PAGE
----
Former Pacific Fishermen Shipyard Manager Doug Dixon Dies

Doug Dixon receiving the Norwegian Commercial Club’s King Neptune award in December 2022. Photo: Norwegian Commercial Club.

Longtime maritime industry figure Douglas Dixon, who was the former general manager and director of Pacific Fishermen Shipyard in Seattle, has died.

Dixon died last week after a short battle with cancer, his friend Bill Forslund told Fishermen’s News May 4.

“Unfortunately my friend Doug headed to the hospital in late March with an unknown malady and was quickly diagnosed with cancer that had spread pretty much all over his body,” Forslund said.

Another friend, Nathaniel Howe, said that during his lifetime, Dixon was an “unrelenting advocate for the marine trades, both in Pacific Fishermen Shipyard and in youth outreach and workforce development.”

“He was instrumental in the Ballard Maritime Academy program at Ballard High School and certainly in the Youth Maritime Training Association and its scholarship program, absorbed into the Puget Sound Maritime Historical Society in 2014,” Howe said.

Dixon was actively involved in the maritime industry for 50 years overall. Following graduation from the University of Michigan with a Bachelor of Science degree in Naval Architecture and Marine Engineering, he began his career in 1974 in California at Global Marine, with design work on drill ships, a Norwegian Aker H-3 oil drilling platform and supporting the work of the CIA with the USNS Hughes Glomar Explorer, recovering a sunken Russian nuclear submarine off the coast of Hawaii.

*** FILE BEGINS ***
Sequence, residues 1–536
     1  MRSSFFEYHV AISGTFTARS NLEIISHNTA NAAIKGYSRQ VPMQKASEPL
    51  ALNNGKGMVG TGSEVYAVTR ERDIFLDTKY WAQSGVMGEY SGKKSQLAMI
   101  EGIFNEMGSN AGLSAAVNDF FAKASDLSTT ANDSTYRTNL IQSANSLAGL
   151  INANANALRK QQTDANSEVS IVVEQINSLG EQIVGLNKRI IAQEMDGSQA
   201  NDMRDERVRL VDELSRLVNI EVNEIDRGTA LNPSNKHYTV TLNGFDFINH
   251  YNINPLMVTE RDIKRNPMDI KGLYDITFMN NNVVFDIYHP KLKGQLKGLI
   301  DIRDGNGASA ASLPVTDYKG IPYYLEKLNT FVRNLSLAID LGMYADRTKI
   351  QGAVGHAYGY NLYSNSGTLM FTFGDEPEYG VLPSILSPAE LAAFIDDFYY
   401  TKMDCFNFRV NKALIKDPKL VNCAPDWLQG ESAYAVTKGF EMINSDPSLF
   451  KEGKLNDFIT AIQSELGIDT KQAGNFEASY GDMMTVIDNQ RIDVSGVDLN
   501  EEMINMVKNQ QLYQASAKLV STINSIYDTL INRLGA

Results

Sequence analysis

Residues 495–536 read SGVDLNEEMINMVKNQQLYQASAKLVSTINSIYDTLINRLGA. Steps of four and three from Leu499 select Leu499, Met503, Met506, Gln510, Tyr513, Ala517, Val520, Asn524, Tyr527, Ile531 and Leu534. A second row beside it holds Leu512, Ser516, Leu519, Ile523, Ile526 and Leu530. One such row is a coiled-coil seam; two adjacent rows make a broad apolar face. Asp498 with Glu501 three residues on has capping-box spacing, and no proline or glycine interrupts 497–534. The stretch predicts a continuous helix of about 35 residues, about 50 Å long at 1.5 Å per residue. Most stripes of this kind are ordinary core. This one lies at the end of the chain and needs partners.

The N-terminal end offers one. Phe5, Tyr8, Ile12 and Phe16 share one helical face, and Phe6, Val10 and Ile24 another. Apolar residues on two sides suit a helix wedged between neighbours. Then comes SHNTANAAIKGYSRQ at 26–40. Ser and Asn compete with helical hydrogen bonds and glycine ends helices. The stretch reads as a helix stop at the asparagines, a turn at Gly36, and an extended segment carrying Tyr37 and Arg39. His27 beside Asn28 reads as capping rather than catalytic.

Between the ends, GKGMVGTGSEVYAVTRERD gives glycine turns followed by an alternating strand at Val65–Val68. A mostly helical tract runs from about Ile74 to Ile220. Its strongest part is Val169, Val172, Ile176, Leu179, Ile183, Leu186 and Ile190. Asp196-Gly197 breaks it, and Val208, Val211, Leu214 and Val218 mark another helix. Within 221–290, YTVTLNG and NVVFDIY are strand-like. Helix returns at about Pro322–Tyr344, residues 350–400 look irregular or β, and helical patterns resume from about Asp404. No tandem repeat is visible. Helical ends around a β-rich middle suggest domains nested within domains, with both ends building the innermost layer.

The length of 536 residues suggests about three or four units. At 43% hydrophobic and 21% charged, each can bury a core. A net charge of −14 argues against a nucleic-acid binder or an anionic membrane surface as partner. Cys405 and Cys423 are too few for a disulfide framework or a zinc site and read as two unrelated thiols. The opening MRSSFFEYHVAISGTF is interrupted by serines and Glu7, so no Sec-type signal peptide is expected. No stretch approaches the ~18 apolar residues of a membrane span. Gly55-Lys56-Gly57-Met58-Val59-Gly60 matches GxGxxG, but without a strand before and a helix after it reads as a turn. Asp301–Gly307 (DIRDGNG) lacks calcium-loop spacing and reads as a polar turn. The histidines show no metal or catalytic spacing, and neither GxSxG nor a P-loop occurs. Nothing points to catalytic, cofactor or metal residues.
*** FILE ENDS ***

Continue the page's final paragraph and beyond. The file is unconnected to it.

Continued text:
In 1977, when the king crab biomass and value rose dramatically, Dixon transitioned to MARCO Shipyard to Seattle to design and build crab boats. He worked with Norwegian-American fishing pioneers of the day, including highliners and their vessels like the f/v Northwestern of “Deadliest Catch” fame, together with sales of different types of hydraulic machinery MARCO invented.

After leaving MARCO in 1991, Dixon worked for Det Norske Veritas (DNV) certifying all types of vessels, then Lunde Electric and Guido Perla Naval Architects.

In 2001, he was appointed general manager of Pacific Fishermen Shipyard. During his tenure there, he assisted in the passage of the 1987 Commercial Fishing Industry U.S. Vessel Anti-Reflagging and Foreign Reconstruction Act and the U.S. Commercial Fishing Industry Vessel Safety Act of 1988.

His training in Norway as a Ship Surveyor by Classification Society DNV included conducting compliance surveys for U.S. Fishing Vessel Safety Act, International Loadline, SOLAS Safety of Life at Seas, United Nation’s MARPOL Marine Pollution Convention for international commercial vessels, and OSHA for the U.S. fishing fleet.

In 2020, Dixon was awarded the Propeller Club Maritime Achievement Award. He retired from Pacific Maritime Shipyard in 2022, and in 2023, he received the Norwegian Commercial Club’s King Neptune Award, which honors individuals and organizations whose contributions have furthered the economic growth, well-being and recognition of the North Pacific fishing industry.

“Doug was an unrelenting force for good, albeit with rough edges, for the maritime industry and leaves behind a gaping hole, not soon to be filled,” Forslund said.

At Dixon’s request, no public funeral will be held, according to his family.